Price said the sexual harassment by Kelly Young began shortly after she approached human resources to attempt to resolve her discrimination complaint.

In the first of three incidents detailed in the lawsuit, Price said Young walked up to her cubicle shortly before Thanksgiving 2016 holding a manila envelope in front of his crotch and then removed the folder to reveal his semi-erect penis in front of her face.

The lawsuit states, “Although HR had repeatedly been notified of defendant Young’s sexual harassment of female employees, nothing was done to address this outrageous sexual harassment. Despite having perpetrated this egregious sexual misconduct at least ten times, defendant Young was not terminated, put on leave, or otherwise disciplined.”

After Young was eventually fired in March 2017, management learned that another employee attempted to report an incident of sexual misconduct by Young as early as 2014. Daniel Finnegan, the publisher of the News & Record at the time, told TCB in December 2017: “There was a breakdown, that is true. We’re not denying it. We’re being up front about it. It was a single point of failure, not a systemic failure. One person made a decision to not document this complaint.”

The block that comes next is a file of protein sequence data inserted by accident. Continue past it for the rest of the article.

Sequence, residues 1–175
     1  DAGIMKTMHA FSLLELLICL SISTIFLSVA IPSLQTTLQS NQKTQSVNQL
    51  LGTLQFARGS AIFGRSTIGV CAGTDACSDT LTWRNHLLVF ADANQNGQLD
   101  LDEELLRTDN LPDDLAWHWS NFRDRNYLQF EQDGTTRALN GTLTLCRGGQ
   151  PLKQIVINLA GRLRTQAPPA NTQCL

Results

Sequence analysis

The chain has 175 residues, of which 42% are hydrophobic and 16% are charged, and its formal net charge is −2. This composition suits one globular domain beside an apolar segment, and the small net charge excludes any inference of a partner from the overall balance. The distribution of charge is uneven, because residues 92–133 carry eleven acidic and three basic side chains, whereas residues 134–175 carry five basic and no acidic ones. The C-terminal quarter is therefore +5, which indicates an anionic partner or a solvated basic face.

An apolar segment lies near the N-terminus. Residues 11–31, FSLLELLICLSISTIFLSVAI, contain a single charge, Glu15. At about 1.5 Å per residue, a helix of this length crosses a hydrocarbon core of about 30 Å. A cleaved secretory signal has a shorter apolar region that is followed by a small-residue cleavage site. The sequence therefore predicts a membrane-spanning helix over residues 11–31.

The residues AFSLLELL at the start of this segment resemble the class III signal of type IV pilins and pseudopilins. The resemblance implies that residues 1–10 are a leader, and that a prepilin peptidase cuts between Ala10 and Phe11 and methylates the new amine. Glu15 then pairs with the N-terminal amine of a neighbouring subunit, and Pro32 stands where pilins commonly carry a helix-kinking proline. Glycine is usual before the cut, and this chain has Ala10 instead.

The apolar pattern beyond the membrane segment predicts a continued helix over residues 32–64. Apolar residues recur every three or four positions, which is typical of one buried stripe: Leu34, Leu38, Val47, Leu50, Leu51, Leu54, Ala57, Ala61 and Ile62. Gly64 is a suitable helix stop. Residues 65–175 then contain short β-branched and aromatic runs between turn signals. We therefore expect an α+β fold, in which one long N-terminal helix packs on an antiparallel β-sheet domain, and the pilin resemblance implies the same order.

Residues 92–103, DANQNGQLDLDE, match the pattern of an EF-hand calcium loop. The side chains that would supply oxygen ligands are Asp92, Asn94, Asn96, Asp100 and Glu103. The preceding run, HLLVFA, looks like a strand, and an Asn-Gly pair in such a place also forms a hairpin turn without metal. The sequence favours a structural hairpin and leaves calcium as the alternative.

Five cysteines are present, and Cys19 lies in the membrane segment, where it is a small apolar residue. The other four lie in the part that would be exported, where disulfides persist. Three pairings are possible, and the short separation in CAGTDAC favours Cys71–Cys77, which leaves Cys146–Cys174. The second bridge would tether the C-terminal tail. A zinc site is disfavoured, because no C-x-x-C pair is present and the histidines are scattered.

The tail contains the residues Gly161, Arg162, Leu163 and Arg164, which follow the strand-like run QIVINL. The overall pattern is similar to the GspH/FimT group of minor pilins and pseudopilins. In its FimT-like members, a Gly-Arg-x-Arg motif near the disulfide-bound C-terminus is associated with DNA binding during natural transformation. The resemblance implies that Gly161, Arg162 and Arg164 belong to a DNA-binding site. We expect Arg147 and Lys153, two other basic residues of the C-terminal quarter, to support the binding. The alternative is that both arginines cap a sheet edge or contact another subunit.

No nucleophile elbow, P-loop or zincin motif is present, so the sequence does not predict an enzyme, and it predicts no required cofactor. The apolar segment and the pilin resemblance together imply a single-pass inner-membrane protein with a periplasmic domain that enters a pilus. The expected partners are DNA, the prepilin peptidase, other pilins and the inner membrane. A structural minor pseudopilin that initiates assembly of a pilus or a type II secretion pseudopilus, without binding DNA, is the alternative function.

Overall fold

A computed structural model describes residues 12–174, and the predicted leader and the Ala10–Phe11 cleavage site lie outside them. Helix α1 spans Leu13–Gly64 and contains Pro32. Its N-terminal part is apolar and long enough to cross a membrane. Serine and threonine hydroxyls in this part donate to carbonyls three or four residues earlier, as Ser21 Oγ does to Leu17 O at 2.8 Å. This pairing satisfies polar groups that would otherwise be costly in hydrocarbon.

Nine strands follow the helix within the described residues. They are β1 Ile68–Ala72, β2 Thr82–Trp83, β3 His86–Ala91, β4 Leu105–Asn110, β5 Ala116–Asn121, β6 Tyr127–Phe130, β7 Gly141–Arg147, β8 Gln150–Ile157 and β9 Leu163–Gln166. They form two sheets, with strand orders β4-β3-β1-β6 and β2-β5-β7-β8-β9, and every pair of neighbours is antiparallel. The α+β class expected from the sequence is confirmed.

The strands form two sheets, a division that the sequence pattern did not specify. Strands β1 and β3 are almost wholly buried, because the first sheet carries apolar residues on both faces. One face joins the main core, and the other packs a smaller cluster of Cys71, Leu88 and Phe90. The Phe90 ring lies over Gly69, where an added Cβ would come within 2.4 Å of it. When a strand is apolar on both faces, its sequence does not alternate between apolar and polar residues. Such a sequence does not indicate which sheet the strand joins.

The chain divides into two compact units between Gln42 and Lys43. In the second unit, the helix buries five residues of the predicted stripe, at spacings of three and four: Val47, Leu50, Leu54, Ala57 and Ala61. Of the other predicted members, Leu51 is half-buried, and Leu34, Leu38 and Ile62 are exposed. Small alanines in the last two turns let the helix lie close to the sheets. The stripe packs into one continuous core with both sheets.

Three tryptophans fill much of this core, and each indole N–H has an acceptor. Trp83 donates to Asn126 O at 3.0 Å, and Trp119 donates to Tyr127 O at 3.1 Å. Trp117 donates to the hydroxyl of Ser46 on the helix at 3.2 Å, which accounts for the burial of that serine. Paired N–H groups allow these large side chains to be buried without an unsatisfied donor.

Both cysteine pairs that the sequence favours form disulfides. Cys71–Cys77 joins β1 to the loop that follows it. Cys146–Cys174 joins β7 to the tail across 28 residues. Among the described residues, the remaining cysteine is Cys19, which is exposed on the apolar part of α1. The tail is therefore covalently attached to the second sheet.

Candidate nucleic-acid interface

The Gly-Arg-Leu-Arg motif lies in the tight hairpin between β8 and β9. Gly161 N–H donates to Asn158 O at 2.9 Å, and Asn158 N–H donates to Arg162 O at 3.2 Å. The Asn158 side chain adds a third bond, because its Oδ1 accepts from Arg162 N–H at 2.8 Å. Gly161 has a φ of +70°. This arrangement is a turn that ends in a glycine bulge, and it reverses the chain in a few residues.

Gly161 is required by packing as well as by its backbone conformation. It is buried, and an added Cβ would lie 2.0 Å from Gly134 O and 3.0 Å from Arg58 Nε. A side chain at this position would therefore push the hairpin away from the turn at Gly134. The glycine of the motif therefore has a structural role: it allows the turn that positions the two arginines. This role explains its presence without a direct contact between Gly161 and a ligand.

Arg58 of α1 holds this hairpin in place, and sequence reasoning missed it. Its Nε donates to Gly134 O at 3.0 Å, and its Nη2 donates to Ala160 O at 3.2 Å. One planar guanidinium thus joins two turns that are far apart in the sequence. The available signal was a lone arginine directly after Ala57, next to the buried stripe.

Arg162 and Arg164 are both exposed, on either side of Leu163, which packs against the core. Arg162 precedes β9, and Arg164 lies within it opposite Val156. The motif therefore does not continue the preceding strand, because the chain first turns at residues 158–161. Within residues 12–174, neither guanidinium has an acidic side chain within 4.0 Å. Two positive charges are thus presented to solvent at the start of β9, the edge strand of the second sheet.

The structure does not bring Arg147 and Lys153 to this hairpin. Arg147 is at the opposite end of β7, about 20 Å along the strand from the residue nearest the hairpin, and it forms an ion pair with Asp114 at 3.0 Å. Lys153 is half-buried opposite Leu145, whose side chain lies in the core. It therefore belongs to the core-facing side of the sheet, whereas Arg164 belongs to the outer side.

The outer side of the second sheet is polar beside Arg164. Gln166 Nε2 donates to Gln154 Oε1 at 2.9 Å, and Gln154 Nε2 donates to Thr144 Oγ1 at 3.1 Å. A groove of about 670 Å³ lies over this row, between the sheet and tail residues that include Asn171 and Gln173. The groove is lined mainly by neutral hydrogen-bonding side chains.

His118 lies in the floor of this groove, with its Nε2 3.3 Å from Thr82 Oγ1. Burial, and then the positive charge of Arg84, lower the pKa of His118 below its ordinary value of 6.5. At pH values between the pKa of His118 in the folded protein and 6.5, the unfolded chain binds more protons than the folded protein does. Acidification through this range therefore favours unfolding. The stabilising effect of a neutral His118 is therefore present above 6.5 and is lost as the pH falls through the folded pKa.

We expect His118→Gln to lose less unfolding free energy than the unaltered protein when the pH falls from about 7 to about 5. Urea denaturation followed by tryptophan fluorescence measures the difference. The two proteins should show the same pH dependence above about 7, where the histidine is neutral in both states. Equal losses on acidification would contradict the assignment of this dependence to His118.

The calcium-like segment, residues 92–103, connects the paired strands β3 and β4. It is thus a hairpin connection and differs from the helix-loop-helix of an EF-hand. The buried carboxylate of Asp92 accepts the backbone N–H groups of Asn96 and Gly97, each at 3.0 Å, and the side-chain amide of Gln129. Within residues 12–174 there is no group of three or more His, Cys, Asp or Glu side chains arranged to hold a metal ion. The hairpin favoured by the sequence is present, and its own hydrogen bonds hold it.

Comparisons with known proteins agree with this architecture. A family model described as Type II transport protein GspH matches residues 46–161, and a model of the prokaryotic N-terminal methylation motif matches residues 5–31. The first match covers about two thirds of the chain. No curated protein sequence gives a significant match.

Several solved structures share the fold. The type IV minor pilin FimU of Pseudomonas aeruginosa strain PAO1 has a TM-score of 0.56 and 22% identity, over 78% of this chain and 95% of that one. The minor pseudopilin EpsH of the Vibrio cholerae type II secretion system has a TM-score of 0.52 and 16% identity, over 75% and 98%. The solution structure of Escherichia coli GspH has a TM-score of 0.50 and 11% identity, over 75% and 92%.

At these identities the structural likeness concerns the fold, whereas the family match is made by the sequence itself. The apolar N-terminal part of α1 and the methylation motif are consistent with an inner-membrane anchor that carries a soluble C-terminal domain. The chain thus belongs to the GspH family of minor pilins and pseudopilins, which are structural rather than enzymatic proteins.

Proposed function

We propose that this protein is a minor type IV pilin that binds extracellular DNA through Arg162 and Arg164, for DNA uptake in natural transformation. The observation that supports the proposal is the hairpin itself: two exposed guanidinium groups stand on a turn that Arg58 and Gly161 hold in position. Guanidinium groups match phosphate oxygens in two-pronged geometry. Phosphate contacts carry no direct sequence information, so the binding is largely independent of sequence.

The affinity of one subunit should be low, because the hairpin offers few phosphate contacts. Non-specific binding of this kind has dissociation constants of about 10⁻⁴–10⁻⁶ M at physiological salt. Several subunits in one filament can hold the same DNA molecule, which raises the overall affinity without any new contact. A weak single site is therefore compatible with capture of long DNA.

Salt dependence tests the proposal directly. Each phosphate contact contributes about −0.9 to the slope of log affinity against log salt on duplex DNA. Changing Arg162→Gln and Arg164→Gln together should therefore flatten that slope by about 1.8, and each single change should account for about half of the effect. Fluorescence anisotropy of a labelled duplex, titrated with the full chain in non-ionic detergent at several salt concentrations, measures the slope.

And although other employees told managers they had been accosted by Young going back as early as January 2016, Finnegan insisted in an interview with TCB that the incident was not reported at the time, and management only learned about it when Young was fired in March 2017.

In early 2017, Price said she learned that Young been convicted of assault inflicting serious bodily harm for “breaking a man’s jaw,” and “became concerned for her personal safety.”

Price said she met with Finnegan on April 20, 2017 and “felt betrayed, shocked and disgusted” on learning that the publisher had been aware of Young’s criminal behavior towards female employees “since at least early November 2016.”

Alton Brown, the current publisher of the News & Record and Winston-Salem Journal, did not respond to messages for this story.

Price said shortly after leaving the News & Record, her psychiatrist diagnosed her with severe anxiety, depression and post-traumatic stress disorder.

“The ongoing discrimination and retaliation she endured, paired with the discovery that her employer had patently permitted ongoing, severe workplace sexual harassment by [a] harasser that had previously been convicted of physical assault,” the lawsuit says, “created a work environment that Ms. Price could no longer reasonably tolerate.”